3. Optimising label design and typeface for accessibility

Effective label design is crucial for making exhibition information accessible to all visitors, including those who struggle to read print. A good place to start is adopting clear and legible typefaces for your labels, preferably sans serif or simple serif, with clean, easy-to-distinguish letterforms and proportions. Avoid condensed, extended, or light typefaces — and limit the amount of capitalisation used in body text, which can be challenging to read.

Instead, use alternatives like underlining or boldface for emphasis. Meanwhile, providing information in alternative formats like Braille or audio within your gallery or museum is an excellent way of creating a more accommodating space for your visitors.

4. Maximising contrast for better legibility

From a design point-of-view, high contrast between text and background significantly enhances legibility, especially for people with vision impairment. Dark text on a light background generally offers better readability than light text on dark — particularly for headlines. Light on dark, however, can be effective for back-lit labels if the light intensity is carefully controlled to prevent a halo effect.  

When using reversed type, be sure to increase the letter spacing and choose a lighter type weight to maintain clarity. Avoid overprinting text on patterned or textured backgrounds as it reduces legibility, and choose solid backgrounds for printed materials to ensure the text stands out clearly.

5. Reducing glare and optimising label placement for accessibility

Minimising glare is essential for making text legible, especially for individuals with poor vision. Labels should be printed on non-glare surfaces such as matte — we’d also recommend using aluminium-backed label holders with a low-reflect acrylic front. Compared to plexiglass, this design reduces glare, reflections, and other visual disturbances while offering robust protection against shattering, abrasions, and static.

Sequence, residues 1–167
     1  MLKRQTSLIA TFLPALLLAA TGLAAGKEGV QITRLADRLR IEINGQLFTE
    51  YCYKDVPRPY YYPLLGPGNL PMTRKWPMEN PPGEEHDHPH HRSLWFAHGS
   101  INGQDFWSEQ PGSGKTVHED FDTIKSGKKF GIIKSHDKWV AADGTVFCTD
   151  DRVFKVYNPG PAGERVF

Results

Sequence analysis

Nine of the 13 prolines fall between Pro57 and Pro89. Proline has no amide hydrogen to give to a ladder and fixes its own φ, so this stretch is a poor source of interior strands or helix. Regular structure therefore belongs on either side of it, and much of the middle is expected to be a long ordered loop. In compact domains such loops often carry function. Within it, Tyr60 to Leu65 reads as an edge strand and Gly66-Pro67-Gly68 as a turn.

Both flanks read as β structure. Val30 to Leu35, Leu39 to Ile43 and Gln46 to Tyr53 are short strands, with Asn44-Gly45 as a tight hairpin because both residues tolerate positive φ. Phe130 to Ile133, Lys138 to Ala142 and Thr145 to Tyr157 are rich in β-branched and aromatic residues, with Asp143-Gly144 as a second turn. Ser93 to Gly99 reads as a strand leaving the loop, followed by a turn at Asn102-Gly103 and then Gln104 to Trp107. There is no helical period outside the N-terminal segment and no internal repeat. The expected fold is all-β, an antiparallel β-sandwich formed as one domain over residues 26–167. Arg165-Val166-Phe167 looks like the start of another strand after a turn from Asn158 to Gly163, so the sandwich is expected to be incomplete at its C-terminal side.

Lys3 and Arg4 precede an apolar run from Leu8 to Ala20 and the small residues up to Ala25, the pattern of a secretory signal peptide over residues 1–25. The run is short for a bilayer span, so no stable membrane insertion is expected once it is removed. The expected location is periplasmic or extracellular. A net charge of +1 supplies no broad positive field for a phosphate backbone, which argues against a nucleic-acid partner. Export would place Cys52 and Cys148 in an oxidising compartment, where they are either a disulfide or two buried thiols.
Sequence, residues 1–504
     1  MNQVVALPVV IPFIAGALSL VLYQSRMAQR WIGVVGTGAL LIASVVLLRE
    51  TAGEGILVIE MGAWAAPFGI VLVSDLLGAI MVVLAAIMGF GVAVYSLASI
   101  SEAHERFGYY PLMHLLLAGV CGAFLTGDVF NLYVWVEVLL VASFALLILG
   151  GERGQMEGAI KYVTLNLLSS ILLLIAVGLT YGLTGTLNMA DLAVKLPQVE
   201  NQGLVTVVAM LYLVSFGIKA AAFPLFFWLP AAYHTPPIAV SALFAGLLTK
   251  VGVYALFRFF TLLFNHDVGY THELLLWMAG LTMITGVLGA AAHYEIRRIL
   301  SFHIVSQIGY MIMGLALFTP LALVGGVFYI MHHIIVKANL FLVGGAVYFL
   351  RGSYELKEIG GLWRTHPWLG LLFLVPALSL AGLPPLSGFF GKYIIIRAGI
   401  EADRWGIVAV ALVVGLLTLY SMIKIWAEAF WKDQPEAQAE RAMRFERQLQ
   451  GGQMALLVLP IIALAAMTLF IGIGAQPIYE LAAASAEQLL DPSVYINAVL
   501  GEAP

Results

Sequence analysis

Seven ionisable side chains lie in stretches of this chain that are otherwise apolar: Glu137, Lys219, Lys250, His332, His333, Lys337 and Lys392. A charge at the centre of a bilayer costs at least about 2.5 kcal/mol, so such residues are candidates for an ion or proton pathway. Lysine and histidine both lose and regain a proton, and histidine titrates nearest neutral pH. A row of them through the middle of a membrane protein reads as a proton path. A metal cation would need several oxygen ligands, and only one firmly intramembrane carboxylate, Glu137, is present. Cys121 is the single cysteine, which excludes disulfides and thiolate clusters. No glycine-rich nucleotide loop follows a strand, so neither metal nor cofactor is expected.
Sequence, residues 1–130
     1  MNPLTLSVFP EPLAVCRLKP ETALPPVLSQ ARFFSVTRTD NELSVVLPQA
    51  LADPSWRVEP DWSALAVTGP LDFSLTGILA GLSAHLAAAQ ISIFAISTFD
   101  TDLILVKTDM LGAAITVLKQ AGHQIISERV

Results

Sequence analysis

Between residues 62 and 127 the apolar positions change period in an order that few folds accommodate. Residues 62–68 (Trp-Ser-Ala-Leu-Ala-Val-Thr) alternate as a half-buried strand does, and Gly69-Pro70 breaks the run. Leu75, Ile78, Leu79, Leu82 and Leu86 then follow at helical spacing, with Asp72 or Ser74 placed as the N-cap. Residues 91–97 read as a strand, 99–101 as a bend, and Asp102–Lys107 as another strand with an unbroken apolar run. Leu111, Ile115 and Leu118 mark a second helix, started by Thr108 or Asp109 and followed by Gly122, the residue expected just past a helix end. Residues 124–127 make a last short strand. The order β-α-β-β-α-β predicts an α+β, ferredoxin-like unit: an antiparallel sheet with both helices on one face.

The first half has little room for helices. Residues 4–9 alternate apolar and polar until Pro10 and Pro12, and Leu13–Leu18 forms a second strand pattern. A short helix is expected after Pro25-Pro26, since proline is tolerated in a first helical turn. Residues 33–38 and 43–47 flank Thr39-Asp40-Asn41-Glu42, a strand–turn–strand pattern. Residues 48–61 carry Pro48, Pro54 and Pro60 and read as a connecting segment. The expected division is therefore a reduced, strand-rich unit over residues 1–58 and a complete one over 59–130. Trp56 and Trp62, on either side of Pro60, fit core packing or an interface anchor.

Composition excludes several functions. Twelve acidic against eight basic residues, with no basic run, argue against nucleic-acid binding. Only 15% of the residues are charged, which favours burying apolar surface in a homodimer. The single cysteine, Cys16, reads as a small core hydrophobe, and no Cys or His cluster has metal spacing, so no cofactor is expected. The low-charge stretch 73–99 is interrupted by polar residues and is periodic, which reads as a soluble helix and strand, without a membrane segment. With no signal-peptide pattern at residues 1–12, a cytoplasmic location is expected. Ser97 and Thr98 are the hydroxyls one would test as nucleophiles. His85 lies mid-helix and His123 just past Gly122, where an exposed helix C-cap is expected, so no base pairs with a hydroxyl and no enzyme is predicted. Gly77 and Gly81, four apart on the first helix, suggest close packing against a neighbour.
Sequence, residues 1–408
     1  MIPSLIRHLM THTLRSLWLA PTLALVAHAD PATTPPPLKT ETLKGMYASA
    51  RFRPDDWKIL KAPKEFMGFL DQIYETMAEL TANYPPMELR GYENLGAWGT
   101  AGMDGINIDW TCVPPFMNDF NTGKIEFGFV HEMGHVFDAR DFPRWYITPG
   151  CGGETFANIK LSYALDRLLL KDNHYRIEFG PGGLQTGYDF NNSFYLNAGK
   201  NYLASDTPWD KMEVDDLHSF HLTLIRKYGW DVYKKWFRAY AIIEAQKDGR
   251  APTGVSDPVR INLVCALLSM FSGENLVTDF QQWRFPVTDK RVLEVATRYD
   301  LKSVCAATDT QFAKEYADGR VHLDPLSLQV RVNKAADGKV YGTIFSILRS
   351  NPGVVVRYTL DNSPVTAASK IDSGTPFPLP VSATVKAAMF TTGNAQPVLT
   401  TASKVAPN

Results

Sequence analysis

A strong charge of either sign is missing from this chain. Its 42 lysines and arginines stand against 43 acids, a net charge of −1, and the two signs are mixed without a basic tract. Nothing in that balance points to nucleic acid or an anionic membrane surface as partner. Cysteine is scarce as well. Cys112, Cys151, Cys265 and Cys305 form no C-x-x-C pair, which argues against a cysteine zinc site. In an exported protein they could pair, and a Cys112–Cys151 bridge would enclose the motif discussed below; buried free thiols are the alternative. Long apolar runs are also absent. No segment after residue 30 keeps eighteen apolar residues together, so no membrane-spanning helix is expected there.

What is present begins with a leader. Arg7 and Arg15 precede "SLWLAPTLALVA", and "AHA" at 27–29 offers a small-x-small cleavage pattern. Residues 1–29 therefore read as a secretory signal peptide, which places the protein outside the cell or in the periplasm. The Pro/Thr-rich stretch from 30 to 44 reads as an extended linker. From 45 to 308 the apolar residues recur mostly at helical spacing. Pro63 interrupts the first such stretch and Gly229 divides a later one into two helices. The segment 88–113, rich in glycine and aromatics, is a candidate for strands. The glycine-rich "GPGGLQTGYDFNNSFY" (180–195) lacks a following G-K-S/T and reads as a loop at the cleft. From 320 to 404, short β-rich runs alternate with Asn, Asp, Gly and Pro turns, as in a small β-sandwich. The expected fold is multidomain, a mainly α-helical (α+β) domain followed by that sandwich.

Ensure information stands and label holders are positioned at accessible heights and angles, allowing all visitors, including those with mobility aids or wheelchairs, or those who need to be close, to read them easily without obstruction. Proper lighting is also key to preventing shadows that decrease readability.

When using information stands, we recommend an angle of thirty degrees from the vertical which improves accessibility for wheelchair users and younger audience members whilst being easily readable for adults and helps diminish any potential for reflected glare from overhead lighting.

Art is for Everyone

The very best art galleries or museums won’t create accessible and inclusive environments for their visitors because of a mandatory piece of legislation — they’ll do it out of a passion for engaging and educating a diverse audience.  

Art is for everyone, as the old Keith Haring quote goes, and by adopting these simple practices, you can make sure your display labels and signage are able to truly communicate and connect with your visitors. If you’d like any advice or guidance on the right information and signage products for your gallery, please do get in touch.

How can we help?

Speak with an experienced member of our team today to get best practice advice on improving the accessibility of your exhibition labelling and signage.

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Labelling & Signage Products

Posted by Jade Turner
10th May 2024